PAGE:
In his article in New York Magazine entitled, “A Drug Called Charlie Sheen,” Mark Harris pointed out the obvious, that, “of course” Sheen has “money on his mind,” given Sheen’s many delusional statements such as “his spectacularly tone-deaf assertion that at nearly $2 million per episode he is ‘underpaid,’ [and also] his insistence that CBS apologize ‘while licking my feet.’” That’s the deference expected from people who consider themselves so far above the rest of us–we should lick their godlike feet.
Now, almost all of us can agree with Mark Harris’ analysis that this is “all nuts (albeit a degree of nuts not even Hollywood has seen before).” But is Sheen’s behavior–claiming to be underpaid while making millions of dollars a year and then also demanding apologies from those who criticize him–unique? Is it really “nuts?” Or have we been exposed to similar behavior elsewhere in our society in recent years?
We may consider Hollywood actors an overly-pampered bunch, but Sheen’s greed and haughty defensiveness comes from an arrogance that really is not so prevalent among actors. After all, it’s the rare Hollywood actor who hasn’t experienced the feast-and-famine nature of this profession. Most Hollywood actors have learned modesty through bitter experience.
However, we do have a profession in which such modesty seems quite rare, and which of late has revealed a similar arrogant combination of greed and lofty defensiveness. It is, in fact, a profession that we were brought up to consider among our most respected and staid–the profession of investment banking.
Let’s just consider one of the major players in this field, Goldman Sachs’ chief executive, Lloyd C. Blankfein. In 2007, Blankfein was paid $68 million, even as his firm misled investors in a subprime mortgage product (that was devised to fail) and as Goldman Sachs contributed to the housing market collapse of that year. In December of 2009, Blankfein’s bonus alone, in the form of special stock, was valued at $9 million. Wall Street took this meager sum as a sign of restraint, even though it exceeded what any five well-paid and comfortable members of the middle class could ever hope of earning over a lifetime!
But we all know that investment bankers earn scads of money and they expect their earnings to rise indefinitely. As with Sheen, they have “money on their mind.” But does Sheen’s lofty defensiveness accompany this greed in the case of our bankers? Let us simply recall that, in November of 2009, Blankfein stated that, “I’m doing God’s work.” Also, in a London Times Interview the same year, in answer to a question whether Goldman employees make too much money, he retorted, “Is it possible to have too much ambition? Is it possible to be too successful?”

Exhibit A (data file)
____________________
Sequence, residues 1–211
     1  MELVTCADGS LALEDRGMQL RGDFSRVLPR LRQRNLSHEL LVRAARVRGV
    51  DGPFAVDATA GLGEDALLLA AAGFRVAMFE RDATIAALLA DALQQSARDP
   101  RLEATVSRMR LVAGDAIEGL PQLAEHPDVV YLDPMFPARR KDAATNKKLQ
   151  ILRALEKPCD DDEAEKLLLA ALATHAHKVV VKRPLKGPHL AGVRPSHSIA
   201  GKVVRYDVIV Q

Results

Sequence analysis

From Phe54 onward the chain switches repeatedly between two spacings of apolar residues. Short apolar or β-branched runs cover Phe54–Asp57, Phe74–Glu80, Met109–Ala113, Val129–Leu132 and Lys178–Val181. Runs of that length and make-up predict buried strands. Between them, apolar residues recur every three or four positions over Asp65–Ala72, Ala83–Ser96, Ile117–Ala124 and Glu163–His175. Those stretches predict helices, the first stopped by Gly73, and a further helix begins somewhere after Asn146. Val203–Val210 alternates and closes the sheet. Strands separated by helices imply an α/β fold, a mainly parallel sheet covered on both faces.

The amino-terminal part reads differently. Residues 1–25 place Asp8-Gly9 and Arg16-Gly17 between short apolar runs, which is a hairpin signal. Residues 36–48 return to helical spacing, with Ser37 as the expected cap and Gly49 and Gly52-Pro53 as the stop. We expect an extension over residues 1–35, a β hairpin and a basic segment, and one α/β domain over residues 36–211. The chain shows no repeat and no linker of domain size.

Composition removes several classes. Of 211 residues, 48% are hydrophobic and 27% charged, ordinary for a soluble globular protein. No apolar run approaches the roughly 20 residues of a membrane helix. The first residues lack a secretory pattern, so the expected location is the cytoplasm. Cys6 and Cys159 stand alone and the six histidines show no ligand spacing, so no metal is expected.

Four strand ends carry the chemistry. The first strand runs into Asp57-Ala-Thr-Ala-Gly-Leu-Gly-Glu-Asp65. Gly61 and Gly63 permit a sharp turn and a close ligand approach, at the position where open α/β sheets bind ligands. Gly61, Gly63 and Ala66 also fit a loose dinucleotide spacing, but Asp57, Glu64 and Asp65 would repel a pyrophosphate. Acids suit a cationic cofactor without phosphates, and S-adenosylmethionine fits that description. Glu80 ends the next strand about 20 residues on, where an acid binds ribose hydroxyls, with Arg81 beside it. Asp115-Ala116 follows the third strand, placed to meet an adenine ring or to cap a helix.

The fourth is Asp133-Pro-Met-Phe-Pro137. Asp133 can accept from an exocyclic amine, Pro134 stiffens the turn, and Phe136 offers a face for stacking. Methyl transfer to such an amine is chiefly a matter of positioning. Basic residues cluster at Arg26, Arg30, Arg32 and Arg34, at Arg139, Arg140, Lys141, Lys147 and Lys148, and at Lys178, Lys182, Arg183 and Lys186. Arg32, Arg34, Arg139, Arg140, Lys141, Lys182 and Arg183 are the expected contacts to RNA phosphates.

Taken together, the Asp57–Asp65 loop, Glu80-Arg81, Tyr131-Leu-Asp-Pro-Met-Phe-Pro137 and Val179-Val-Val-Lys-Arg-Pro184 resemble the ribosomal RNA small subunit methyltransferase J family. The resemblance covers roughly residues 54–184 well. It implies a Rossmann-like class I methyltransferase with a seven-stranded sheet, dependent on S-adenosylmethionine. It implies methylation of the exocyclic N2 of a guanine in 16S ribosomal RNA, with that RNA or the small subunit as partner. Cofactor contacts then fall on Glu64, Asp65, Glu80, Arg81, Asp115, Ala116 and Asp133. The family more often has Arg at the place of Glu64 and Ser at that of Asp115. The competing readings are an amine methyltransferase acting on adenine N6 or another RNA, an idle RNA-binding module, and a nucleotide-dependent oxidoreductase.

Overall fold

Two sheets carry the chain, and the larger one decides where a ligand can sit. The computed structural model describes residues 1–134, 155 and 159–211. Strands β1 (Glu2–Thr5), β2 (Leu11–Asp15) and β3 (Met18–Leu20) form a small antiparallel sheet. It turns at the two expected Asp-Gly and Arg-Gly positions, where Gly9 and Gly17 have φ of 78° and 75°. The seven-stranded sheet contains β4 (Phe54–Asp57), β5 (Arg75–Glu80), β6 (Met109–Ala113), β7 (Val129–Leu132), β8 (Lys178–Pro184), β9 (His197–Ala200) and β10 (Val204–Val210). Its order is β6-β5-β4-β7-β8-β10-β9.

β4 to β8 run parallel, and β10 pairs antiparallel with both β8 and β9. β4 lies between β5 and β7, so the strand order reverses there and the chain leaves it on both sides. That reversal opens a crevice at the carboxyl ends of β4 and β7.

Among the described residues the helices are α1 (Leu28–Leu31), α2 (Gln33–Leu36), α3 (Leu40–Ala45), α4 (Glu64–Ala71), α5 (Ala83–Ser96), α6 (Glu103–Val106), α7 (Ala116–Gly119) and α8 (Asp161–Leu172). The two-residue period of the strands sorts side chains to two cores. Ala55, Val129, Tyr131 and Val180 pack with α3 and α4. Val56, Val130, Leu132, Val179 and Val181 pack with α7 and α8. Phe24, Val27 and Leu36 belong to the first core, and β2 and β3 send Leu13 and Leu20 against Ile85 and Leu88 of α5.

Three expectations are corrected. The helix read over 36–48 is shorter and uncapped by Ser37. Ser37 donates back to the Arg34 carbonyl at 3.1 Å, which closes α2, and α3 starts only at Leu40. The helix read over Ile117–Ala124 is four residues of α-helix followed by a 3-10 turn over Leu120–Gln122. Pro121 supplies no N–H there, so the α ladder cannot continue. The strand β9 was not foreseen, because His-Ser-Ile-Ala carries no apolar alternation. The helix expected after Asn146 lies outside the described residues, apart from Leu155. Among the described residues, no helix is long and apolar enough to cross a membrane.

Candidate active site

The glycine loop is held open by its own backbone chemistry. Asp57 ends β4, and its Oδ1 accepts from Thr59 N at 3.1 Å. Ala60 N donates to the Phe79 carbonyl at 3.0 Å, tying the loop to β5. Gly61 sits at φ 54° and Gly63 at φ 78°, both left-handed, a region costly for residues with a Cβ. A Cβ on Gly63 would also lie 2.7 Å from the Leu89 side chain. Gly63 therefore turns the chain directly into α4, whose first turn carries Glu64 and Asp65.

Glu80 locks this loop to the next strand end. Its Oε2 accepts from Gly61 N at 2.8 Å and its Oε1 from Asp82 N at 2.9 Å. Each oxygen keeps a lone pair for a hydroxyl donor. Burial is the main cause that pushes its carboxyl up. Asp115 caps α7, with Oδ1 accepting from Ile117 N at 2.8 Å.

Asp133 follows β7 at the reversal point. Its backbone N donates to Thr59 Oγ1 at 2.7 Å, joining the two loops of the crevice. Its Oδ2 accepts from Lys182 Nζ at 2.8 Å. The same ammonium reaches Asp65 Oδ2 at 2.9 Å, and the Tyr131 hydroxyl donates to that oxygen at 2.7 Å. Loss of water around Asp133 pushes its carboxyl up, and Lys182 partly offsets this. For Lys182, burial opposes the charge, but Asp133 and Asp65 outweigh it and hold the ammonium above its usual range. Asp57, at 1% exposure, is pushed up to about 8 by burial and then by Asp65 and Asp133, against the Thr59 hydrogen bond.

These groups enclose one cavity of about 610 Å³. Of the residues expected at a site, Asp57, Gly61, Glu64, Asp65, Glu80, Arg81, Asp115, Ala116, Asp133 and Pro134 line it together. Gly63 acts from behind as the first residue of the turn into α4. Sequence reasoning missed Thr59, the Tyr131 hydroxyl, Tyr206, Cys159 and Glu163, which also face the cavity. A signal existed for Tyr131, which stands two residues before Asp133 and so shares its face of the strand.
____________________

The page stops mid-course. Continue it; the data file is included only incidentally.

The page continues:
Early this year, some of the world’s most powerful financial executives met in Davos, as reported by Paul Krugman in his commentary of January 31, 2011. Their principal demand in this meeting was that governments must stop banker bashing. As Krugman wrote, “Apparently bailing out bankers after they precipitated the worst slump since the Great Depression isn’t enough–politicians have to stop hurting their feelings, too.” So, yes, the defensiveness is there as well. We ought to know better than to criticize such deities!
Once they retire, however, some investment bankers have been able to descend from their Olympian heights and rejoin normality. For example, John Mack, chairman of Morgan Stanley, admitted in February of 2010 that Wall Street investment bankers are overpaid and that is not likely to change. “I still don’t think the industry gets it,” he said. As an example, he cited a Morgan Stanley trader (under the age of 30) who, when offered $11 million in compensation, jumped to a hedge fund that paid him $25 million. [David Mildenberg, Feb. 24, 2010 Bloomberg News]
In another instance, John S. Reed, a founder of Citigroup, echoed Mack, saying of many Wall Street executives, “They just don’t get it. They are off in a different world.” [Louise Story and Eric Dash, Jan 9, 2010, New York Times, “Banks Prepare for Big Bonuses, and Public Wrath”]
So, there it is, Charlie Sheen and Wall Street investment bankers have something in common; the main difference is that Charlie Sheen’s greed and outrageously haughty behavior only hurts him. Those same traits among our investment bankers have hurt our country (and to some extent the world), bringing us to the brink of financial disaster. Naturally, given their Olympian stature, these perpetrators simply move on to bigger rewards while continuing to live in “a different world.”
Give me the public spectacle of a Charlie Sheen any day over the hidden machinations of unethical bankers whose profession, regretfully, we have been brought up to trust so implicitly.